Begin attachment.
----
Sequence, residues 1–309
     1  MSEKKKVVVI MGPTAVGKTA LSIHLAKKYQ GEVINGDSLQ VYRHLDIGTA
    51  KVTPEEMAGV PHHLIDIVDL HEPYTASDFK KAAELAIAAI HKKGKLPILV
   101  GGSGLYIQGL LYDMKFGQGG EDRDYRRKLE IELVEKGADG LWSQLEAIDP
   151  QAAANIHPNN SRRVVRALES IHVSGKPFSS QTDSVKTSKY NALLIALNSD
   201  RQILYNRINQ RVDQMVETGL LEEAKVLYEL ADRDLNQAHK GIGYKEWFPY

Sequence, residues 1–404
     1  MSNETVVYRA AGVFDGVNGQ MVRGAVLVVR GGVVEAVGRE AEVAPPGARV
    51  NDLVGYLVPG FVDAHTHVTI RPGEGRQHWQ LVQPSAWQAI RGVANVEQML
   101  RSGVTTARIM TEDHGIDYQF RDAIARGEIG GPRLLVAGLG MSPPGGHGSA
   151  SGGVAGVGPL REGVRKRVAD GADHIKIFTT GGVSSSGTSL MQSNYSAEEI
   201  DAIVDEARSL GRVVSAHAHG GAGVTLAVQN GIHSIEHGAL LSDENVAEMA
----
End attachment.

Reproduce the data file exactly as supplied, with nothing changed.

Sequence, residues 1–309
     1  MSEKKKVVVI MGPTAVGKTA LSIHLAKKYQ GEVINGDSLQ VYRHLDIGTA
    51  KVTPEEMAGV PHHLIDIVDL HEPYTASDFK KAAELAIAAI HKKGKLPILV
   101  GGSGLYIQGL LYDMKFGQGG EDRDYRRKLE IELVEKGADG LWSQLEAIDP
   151  QAAANIHPNN SRRVVRALES IHVSGKPFSS QTDSVKTSKY NALLIALNSD
   201  RQILYNRINQ RVDQMVETGL LEEAKVLYEL ADRDLNQAHK GIGYKEWFPY

Sequence, residues 1–404
     1  MSNETVVYRA AGVFDGVNGQ MVRGAVLVVR GGVVEAVGRE AEVAPPGARV
    51  NDLVGYLVPG FVDAHTHVTI RPGEGRQHWQ LVQPSAWQAI RGVANVEQML
   101  RSGVTTARIM TEDHGIDYQF RDAIARGEIG GPRLLVAGLG MSPPGGHGSA
   151  SGGVAGVGPL REGVRKRVAD GADHIKIFTT GGVSSSGTSL MQSNYSAEEI
   201  DAIVDEARSL GRVVSAHAHG GAGVTLAVQN GIHSIEHGAL LSDENVAEMA